Activated Charcoal Filter

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Activated Charcoal Filter
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This innocuous looking substance that we now put in our trendy water bottles has been used for decades as protection against unseen dangers like chlorine, sarin nerve agents and paint fumes. Activated charcoal is the substance contained inside many gas masks, which rely on two different technologies to function. Firstly, very fine particulate filters act as physical barriers to prevent particles of a toxin reaching the face and lungs. Secondly, materials like activated charcoal neutralize toxic chemicals in a process called adsorption. Through adsorption, a solid or a liquid can trap toxic particles on its surface, stopping them from being inhaled. It also has the same effect when ingested as an antidote for poisons.

Activated or oxidized charcoal is carbon that has been treated with either a combination of heat and pressure, or with a strong acid or base followed by carbonization, to make it highly porous and give it a very large functional surface area. This means its molecular structure is a bit like chicken wire, and it is filled with loads of ‘sticky’ holes that catch any toxins that pass through. This material was collected as part of our Gases open day where it formed part of a display exploring effervescent materials in their many forms.  

This particular form of activated charcoal is Binchotan, a kind of hardwood charcoal that has been cultivated and used in Japan since the Edo period (17thCentury). It is traditionally made by charcoal makers in the Kishu province of Wakayama from Japanese Holm Oak or Ubamegashi wood,which grows on the forested hills of the Kii peninsula. It is made by stacking oak branches inside kilns and baking them at ultra-high temperatures for several weeks until they carbonize. The artisan controls the supply of oxygen, first shutting it off to carbonise the wood, and then increasing it to burn the wood at a very high temperature to activate it. This process, first developed over 300 hundred years ago, turns the wood into a charcoal with a particularly high carbon content (up to 98%). This results in a fire that burns at a constant heat, without smoke, at extremely high temperatures and that lasts for up to five hours. For this reason it is prized by chefs around the world because it is completely odourless, allowing the natural flavours of the food to come out, and it sears meat and fish quickly without the characteristic external burning of many less dense forms of charcoal. It is also used for water purification, dehumidifiers in rooms and as a soil improver.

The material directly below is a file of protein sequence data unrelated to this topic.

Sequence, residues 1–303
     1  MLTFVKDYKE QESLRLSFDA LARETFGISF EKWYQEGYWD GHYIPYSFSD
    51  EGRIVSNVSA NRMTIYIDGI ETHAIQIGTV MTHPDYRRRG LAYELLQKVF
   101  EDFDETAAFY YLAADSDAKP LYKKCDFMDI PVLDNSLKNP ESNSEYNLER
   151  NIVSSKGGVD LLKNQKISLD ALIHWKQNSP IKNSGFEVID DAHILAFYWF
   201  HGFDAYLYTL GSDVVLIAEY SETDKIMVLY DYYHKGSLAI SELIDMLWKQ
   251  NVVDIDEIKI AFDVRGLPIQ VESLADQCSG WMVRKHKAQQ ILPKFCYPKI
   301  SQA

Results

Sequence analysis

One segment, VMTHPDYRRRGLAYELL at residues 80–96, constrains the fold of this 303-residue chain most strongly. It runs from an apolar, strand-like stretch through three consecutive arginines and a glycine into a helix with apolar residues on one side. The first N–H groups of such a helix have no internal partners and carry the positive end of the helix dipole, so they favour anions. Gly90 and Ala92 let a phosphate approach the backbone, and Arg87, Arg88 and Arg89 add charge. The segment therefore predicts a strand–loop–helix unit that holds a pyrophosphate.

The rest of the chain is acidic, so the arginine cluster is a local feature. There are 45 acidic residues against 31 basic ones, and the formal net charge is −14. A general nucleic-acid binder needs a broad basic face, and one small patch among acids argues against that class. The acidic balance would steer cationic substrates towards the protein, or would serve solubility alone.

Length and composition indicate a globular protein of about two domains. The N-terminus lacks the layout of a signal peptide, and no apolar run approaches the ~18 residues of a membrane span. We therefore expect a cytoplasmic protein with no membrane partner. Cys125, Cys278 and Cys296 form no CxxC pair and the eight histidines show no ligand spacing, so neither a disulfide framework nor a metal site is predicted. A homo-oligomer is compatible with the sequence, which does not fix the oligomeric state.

Confusingly this type of charcoal is also called white charcoal, not because of the colour of the charcoal itself, which is a velvety deep black, but because of the white ash residue it leaves behind. To recognize this type of charcoal, you can tap two sticks of it together: you should hear a light metallic sound due to its high carbon content.

Sample ID: 1328


Healthy Materials
Mineral | Vegetable
Absorbent | Adsorption | Black | Carbon | Charcoal | Filtration | Poison

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